That's because they provide services which are not only intangible and not immediately recognisable, but are also often imaginary and unbelievable (see recent history).
"However, Deep Space Industries is promising an animated video that shows off not just its spacecraft but “a breakthrough process for manufacturing in space”.
The company also claims to be “pursuing an aggressive schedule” for its mining ventures."
I'm working on an animated video of my planned business venture and I'm pursuing an aggressive schedule. If you want to be a pre-IPO investor, you get the right to name certain characters in the video. Send me your e-mail address to get details and a share application form.
You just did. I don't think that making points about a person's weight or body shape is helpful to any serious discussion about their business activities.
(In case anybody is wondering, my BMI is 22, so it's not me being sensitive about it.)
They are not 'discrminating' on the basis of the data (it's type, original source, etc), they are discriminating in favour of their own customers, to avoid annoying their own customers. This sounds reasonable and sensible.
If the Postal Service had to use a private (different) courier over part of their distribution network, would they charge their customers extra for that delivery? - no. If the customer had delivery to a PO box and then tasked a private courier to forward it to their home, would they have to pay extra to the private courier?- yes.
What form of open source license did Google release Android under? Will Microsoft be going after the Chinese manufacturers in the same way as it has with the big name ones for patent fees per unit sold? Does Amazon also pay patent fees to Microsoft?
Given that a smartphone is a consumer device, then even if the license has conditions requiring release of source code during 'redistribution', this will not apply to any Android adaptations or forks that are used, since they are 'black box' implementations. This also means that anyone is free to copy Amazon's Kindle code and make their own clone (I think).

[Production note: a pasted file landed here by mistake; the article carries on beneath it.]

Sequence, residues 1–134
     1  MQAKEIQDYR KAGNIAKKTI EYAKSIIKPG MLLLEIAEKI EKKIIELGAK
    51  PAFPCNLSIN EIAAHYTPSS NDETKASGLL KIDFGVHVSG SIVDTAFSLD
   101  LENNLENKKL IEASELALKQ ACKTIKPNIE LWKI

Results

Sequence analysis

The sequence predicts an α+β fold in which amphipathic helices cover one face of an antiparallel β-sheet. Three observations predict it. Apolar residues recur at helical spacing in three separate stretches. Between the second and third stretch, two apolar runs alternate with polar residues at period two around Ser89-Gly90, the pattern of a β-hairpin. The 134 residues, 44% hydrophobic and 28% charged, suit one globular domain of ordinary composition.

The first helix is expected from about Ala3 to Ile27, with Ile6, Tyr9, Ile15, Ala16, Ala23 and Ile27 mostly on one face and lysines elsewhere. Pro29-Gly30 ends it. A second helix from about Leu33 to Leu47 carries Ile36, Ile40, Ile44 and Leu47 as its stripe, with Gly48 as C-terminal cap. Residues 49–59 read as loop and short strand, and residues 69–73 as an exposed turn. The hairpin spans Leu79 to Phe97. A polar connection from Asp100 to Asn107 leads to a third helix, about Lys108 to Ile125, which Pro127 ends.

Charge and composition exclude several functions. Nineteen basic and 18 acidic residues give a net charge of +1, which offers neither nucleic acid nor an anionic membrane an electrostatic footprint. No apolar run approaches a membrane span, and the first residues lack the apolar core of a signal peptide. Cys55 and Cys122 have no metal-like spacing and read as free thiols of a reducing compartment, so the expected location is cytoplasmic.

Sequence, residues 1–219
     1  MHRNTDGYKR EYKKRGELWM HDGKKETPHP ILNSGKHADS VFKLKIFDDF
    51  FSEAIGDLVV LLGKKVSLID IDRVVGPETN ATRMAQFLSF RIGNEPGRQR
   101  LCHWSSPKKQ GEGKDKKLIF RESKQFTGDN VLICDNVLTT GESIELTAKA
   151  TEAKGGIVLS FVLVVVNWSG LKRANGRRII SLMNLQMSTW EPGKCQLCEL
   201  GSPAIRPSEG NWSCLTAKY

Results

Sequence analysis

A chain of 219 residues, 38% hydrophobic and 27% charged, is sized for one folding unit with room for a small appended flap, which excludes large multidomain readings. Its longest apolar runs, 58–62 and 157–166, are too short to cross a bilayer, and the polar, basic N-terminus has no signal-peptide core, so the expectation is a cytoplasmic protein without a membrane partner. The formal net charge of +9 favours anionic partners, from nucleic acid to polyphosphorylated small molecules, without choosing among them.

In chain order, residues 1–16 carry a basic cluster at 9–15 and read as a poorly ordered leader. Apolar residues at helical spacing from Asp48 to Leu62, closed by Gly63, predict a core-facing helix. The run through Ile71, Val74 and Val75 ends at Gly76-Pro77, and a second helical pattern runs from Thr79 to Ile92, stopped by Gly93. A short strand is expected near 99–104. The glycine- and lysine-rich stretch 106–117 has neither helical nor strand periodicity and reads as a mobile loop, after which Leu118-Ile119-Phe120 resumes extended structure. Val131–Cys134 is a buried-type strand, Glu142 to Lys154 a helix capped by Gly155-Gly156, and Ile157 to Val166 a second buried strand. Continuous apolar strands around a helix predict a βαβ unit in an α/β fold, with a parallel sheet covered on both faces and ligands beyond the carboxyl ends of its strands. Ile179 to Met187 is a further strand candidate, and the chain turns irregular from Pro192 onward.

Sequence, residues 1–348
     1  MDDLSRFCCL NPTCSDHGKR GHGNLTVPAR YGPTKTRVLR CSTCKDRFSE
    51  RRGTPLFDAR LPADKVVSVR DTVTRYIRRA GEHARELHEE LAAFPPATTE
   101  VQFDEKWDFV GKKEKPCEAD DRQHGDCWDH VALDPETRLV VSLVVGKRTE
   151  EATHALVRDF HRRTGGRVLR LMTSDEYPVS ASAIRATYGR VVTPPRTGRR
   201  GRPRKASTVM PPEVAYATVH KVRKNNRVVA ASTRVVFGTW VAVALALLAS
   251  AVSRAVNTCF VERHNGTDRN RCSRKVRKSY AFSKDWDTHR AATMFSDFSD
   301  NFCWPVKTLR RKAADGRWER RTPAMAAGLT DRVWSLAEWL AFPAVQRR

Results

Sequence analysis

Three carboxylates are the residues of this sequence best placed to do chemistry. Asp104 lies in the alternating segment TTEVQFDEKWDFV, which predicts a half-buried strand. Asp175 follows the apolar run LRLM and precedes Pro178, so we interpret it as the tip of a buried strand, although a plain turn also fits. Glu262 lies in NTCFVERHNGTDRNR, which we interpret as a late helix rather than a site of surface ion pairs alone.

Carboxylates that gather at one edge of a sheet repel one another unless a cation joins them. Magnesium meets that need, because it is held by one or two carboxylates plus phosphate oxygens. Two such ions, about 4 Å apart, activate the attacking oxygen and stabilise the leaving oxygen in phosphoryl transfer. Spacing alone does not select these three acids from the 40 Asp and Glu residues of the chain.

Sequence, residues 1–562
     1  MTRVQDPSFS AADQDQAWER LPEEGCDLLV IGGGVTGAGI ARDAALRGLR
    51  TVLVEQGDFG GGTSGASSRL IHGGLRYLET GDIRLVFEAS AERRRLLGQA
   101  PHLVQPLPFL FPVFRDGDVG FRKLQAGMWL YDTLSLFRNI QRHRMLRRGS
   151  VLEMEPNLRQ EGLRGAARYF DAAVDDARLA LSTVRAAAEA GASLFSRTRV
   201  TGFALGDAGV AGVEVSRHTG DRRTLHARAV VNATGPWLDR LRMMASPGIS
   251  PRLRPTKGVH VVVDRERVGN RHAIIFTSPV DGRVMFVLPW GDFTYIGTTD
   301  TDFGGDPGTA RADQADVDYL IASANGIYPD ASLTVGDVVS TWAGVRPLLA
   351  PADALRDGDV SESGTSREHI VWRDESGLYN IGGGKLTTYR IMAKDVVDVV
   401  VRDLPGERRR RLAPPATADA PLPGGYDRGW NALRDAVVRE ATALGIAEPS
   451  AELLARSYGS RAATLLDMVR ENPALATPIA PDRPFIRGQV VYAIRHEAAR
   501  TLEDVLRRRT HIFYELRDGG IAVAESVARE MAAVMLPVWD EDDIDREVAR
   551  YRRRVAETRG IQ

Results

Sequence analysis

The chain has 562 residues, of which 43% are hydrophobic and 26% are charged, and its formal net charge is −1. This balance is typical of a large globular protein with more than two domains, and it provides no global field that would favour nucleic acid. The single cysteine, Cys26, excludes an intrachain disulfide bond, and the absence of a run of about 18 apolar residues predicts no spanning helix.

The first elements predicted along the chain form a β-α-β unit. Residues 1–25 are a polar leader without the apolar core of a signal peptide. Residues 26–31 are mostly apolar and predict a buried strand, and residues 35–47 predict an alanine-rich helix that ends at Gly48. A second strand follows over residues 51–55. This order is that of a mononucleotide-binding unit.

I also have a feeling that Google wouldn't be too bothered since any entrenchment of Android or it's derivatives would tend to reduce sales of iPhone and Microsoft offerings.
Apparently, the 'Nazi' apps were actually promoting Nazi ideas of racial supremacy (and anti-Jewish sentiment), and were not 'make me Nazi' apps. I'm not sure how the objectors can conflate the 'Make me ..' apps with outright racist propaganda.
Is there a 'Make me English' app, that gives a pasty white complexion with crooked yellowing teeth, a permanent frown and a bowler hat? If so, I'd be very offended by the use of my image in that way.
It's many years since I saw a mercury column blood pressure meter in use. Are they still used much, since the battery powered, electronic pumped-cuff ones are so cheap nowadays? (I paid £15 online for mine and it seems to work just fine.)
"Reed-Solomon coding was used to overcome interference caused by atmospheric turbulence."
Of the total errors, what proportion were caused by atmospheric turbulence? I'm wondering how well this method would perform if the laser communication was through the 'vacuum' of space over the entire path. Also, I assume that modifying a ranging laser is not the most effective way to give high speed data transmission.